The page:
Biological monitoring involves identifying and counting macroinvertebrates. The purpose of biological monitoring is to quickly assess both water quality and habitat. The abundance and diversity of macroinvertebrates found is an indication of overall stream quality. Macroinvertebrates include aquatic insects, crustaceans, worms, and mollusks that live in various stream habitats and derive their oxygen from water. They are used as indicators of stream quality. These insects and crustaceans are impacted by all the stresses that occur in a stream environment, both man-made and naturally occurring.
Aquatic macroinvertebrates are good indicators of stream quality because:
- They are affected by the physical, chemical and biological conditions of the stream.
- They can't escape pollution and show effects of short and long-term pollution events.
- They are relatively long lived the life cycles of some sensitive macroinvertebrates range from one to several years.
- They are an important part of the food web, representing a broad range of trophic levels.
- They are abundant in most streams. Some 1st and 2nd order streams may lack fish, but they generally have macroinvertebrates.
- They are a food source for many recreationally and commercially important fish.
- They are relatively easy to collect and identify with inexpensive materials.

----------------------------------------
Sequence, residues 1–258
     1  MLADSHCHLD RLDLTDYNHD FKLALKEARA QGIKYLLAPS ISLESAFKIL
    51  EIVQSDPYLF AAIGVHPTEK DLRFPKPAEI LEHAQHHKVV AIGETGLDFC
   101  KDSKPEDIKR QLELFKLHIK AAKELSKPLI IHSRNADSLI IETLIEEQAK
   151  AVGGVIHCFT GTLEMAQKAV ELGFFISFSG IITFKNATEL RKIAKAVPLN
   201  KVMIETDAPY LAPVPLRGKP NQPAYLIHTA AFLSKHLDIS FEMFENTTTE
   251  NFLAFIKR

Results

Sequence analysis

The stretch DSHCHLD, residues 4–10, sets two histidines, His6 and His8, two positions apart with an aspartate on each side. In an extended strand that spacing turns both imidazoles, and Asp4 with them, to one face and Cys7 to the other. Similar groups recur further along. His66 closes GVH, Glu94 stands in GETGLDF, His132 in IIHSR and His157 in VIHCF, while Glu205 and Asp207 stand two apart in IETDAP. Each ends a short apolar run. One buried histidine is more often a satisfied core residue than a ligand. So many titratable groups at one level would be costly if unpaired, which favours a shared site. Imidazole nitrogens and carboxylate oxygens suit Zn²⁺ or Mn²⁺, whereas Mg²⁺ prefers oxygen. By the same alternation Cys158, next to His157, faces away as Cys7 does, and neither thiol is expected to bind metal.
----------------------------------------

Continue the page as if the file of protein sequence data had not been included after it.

The basic principle behind the study of macroinvertebrates is that some species are more sensitive to pollution than others. Therefore, if a stream site is inhabited by organisms that can tolerate pollution, and the pollution-sensitive organisms are missing, a pollution problem is likely.
For example, stonefly nymphs, which are very sensitive to most pollutants, cannot survive if a stream's dissolved oxygen falls below a certain level. If a biosurvey shows that no stoneflies are present in a stream that used to support them, a hypothesis might be that dissolved oxygen has fallen to a point that keeps stoneflies from reproducing or has killed them outright.
This brings up both the advantage and disadvantage of the biosurvey. The advantage of the biosurvey is it tells us very clearly when the stream ecosystem is impaired, or "sick," due to pollution or habitat loss. It is not difficult to realize that a stream full of many kinds of crawling and swimming "critters" is healthier than one without much life. Different macros occupy different ecological niches within the aquatic environment, so diversity of species generally means a healthy, balanced ecosystem. The disadvantage of the biosurvey, on the other hand, is it cannot definitively tell us why certain types of creatures are present or absent.
In this case, the absence of stoneflies might indeed be due to low dissolved oxygen. But is the stream under-oxygenated because it flows too sluggishly, or because pollutants in the stream are damaging water quality by using up the oxygen? The absence of stoneflies might also be due to other pollutants discharged by factories or run off from farmland, water temperatures that are too high, habitat degradation such as excess sand or silt on the stream bottom has ruined stonefly sheltering areas, or other conditions. Thus a biosurvey should be accompanied by an assessment of habitat and water quality conditions in order to help explain biosurvey results.